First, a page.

During his annual shareholder meeting in 2018, Warren Buffett advised investors to put all their money into the Vanguard 500 index. In contrast, "The Big Short" investor Michael Burry recently explained why the wildly popular inflows to index funds are distorting the prices of the stocks they are designed to track and warned about the bubble.
If you’ve been tuned in to financial news over the first half of the year, you’ve undoubtedly heard and read about the stream of initial public offerings (IPOs) hitting the markets over the past few months. From ridesharing behemoths to producers of plant-based meat alternatives, the majority of these share offerings have belonged to emerging tech companies which have shown tremendous growth and now seek public investment following multiple rounds of private funding. These companies often see stratospheric returns in their initial days of public trading before cooling and returning to Earth. This post will address the recent IPO craze from our perspective and highlight why we steer clear with our investors’ capital.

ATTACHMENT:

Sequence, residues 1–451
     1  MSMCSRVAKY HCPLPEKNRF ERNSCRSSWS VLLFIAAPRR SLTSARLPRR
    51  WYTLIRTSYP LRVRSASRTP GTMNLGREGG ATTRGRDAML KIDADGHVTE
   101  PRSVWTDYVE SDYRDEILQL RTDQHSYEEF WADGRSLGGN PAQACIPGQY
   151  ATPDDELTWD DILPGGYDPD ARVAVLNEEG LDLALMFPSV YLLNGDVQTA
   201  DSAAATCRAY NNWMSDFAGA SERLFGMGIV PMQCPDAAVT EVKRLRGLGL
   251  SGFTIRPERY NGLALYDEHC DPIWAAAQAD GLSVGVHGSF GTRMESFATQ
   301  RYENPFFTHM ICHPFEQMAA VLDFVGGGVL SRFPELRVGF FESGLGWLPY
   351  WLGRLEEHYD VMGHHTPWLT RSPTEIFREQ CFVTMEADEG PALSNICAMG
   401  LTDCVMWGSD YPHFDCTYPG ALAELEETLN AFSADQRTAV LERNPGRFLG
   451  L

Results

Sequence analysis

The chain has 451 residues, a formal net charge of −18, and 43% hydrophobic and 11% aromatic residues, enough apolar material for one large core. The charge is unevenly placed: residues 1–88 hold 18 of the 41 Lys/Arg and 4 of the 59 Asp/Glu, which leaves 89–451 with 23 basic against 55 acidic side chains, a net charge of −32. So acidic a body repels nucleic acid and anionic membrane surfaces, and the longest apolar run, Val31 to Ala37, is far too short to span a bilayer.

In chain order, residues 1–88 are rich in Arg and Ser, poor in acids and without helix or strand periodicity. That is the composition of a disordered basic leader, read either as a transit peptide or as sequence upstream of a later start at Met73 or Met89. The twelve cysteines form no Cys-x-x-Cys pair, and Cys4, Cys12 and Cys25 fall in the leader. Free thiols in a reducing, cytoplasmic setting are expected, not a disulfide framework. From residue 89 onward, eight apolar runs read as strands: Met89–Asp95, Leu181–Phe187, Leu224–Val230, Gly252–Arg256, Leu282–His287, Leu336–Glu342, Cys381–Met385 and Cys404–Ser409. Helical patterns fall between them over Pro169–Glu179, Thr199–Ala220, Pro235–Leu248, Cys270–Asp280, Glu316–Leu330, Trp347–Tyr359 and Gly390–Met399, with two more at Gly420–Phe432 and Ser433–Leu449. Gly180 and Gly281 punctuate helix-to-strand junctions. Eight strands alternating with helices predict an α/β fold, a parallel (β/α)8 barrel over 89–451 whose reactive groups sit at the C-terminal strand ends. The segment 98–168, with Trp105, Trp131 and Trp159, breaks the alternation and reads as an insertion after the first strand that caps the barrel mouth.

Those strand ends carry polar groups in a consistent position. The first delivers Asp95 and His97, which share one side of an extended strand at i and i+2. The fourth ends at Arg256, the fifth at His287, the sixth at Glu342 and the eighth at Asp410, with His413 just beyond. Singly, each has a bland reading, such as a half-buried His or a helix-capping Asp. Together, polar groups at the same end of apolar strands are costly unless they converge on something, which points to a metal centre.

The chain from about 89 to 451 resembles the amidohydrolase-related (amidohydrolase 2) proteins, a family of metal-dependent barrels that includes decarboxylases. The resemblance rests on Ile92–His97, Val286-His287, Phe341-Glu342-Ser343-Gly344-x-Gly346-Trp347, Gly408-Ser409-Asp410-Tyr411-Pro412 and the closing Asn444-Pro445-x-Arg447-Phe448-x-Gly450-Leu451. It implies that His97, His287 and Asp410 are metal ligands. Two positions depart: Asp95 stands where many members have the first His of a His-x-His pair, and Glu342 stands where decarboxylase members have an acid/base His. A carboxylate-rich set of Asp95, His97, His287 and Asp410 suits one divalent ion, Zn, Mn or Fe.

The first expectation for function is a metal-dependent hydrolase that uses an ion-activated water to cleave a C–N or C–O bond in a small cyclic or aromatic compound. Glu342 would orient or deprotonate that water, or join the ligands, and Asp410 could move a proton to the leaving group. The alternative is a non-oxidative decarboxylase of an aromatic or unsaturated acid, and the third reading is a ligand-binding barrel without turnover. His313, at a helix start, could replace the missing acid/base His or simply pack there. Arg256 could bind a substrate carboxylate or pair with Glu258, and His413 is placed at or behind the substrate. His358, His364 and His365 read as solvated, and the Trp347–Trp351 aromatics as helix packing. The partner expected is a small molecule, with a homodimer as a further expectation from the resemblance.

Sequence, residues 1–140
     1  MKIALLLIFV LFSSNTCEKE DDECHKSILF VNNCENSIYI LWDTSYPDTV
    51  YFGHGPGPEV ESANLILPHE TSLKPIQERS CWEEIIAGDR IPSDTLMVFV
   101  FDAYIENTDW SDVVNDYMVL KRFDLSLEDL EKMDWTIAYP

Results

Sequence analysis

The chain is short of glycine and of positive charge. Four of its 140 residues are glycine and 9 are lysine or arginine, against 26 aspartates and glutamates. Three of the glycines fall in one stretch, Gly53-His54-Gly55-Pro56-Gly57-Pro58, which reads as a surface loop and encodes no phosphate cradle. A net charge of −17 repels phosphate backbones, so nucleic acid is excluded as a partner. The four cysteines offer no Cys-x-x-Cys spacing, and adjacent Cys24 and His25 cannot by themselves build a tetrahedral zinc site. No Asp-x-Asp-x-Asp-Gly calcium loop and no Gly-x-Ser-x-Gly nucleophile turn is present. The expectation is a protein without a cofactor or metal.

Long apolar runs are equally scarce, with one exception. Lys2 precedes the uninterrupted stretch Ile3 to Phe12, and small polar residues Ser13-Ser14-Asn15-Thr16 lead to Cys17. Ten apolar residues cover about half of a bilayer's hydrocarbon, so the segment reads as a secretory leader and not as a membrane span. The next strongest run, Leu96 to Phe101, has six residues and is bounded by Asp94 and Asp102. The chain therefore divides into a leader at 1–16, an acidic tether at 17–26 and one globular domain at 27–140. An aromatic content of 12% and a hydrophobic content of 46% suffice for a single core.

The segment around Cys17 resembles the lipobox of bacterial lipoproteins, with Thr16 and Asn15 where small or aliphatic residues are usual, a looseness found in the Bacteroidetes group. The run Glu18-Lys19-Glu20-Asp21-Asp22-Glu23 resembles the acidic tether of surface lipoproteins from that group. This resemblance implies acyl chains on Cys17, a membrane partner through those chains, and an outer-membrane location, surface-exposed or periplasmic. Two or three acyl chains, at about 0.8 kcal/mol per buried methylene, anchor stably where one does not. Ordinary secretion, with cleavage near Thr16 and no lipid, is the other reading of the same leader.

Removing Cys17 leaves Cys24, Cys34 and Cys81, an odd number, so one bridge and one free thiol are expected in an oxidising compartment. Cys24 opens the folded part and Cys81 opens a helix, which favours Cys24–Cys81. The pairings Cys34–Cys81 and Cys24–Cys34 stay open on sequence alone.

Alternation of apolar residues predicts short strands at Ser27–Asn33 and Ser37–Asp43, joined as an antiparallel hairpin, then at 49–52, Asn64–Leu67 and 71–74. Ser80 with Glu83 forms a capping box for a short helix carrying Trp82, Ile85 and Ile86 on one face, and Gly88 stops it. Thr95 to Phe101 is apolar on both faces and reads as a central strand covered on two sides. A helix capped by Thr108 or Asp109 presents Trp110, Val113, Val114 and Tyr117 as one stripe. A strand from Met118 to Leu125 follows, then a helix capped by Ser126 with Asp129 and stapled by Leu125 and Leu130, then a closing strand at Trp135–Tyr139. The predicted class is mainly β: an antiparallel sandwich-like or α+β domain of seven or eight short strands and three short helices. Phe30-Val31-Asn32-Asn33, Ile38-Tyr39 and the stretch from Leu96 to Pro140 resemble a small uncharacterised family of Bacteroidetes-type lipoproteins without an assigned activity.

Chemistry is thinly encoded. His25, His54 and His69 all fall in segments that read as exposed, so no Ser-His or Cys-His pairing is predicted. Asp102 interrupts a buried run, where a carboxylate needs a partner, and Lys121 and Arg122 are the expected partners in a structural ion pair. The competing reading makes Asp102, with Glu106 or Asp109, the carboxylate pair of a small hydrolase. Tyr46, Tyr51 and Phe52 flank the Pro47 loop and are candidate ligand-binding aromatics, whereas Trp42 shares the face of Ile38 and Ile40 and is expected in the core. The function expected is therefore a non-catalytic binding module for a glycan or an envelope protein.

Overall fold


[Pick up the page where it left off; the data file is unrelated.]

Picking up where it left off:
Some weeks ago, I saw my seven-year-old daughter watching "The Lorax," a movie based on Dr. Seuss' favorite children's book. Although the fable is ostensibly used to express Dr. Seuss' anger at corporate greed, I believe the story displays that greed and care of the environment can coincide with one another.
Over the past decade, I was continually asked by prospective clients at the beginning of every year what they should do with the cash they have been sitting on as they have been too afraid to get back into the market after the financial crisis. Year after year rolled by with sound returns missed by these individuals who sat on large cash positions. Their usual response was that they were "waiting for the right time to invest and for a 10% or 20% market sell-off to do so". Unfortunately for them, every time a ~ 10% market correction occurred they were still too afraid to get into the market as whatever event was currently occurring kept them from investing. Now that the stock market has sold off more than 20%, one would think investors would be clamoring to finally enter again. However, we know that isn't the case as more investors are currently selling than buying and individuals are again too afraid to purchase equities.